for National Geographic News
Growing crops to make biofuels may accelerate global warming, not slow down its effects, a new study says.
When farmers clear native ecosystems such as forests or grasslands to grow crops, this gives off substantial amounts of carbon dioxide, the primary greenhouse gas that fuels climate change.
Biofuels such as ethanol from corn and biodiesel from palm oil typically start out with a "carbon debt."
Before these biofuels could reduce individual carbon dioxide emissions, they would first have to pay off this debt, which would take decades or centuries.
"I was surprised that with so many of the crops, it takes so long before you break even [on carbon emissions]," said study co-author David Tilman of the University of Minnesota in St. Paul. The university and the nonprofit group the Nature Conservancy conducted the study.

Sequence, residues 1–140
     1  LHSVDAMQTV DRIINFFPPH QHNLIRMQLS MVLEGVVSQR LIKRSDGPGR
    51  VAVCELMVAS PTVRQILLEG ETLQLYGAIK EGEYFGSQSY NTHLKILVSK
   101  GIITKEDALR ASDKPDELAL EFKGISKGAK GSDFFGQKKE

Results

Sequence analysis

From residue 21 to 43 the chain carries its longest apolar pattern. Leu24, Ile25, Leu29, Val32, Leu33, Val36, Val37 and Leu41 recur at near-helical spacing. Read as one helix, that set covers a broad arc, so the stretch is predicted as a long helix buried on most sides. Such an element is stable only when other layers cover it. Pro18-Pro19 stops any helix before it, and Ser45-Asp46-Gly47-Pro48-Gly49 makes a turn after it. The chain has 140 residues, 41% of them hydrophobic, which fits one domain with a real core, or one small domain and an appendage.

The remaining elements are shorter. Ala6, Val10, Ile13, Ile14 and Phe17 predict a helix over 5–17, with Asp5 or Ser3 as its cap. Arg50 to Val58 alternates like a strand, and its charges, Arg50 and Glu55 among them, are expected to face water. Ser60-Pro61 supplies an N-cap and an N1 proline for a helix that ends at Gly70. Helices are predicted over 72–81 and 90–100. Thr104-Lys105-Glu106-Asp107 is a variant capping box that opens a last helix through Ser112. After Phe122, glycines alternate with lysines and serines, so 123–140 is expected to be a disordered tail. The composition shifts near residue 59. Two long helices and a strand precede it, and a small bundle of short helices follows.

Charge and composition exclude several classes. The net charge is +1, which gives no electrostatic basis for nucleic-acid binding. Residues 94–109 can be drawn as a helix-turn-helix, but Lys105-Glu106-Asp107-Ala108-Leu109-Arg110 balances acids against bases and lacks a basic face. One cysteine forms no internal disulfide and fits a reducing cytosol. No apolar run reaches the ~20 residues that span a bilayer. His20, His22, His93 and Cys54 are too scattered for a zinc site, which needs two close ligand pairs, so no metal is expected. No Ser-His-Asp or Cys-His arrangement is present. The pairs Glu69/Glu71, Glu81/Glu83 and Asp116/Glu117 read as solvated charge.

"I don't think we can afford to make biofuels if we have to wait 50 years for any benefit," he added.
Many scientists believe the planet is at a crucial juncture, and that carbon dioxide emissions must be reduced sharply over the next 50 years to avoid the catastrophic consequences of climate change.
But there are some kinds of biofuels that could be helpful, such as those made from grasses or algae, as they avoid the debt problem, Tilman said.
The study will be published online tomorrow in the journal Science.
Carbon Dioxide Release
Biofuels release roughly as much carbon dioxide when burnt as regular gasoline or diesel. But since biofuel crops also soak up carbon dioxide as they grow, they were thought to reduce overall emissions as compared with fossil fuels.
However, few earlier studies into biofuel viability factored in carbon released at the start, when land is converted to grow crops.
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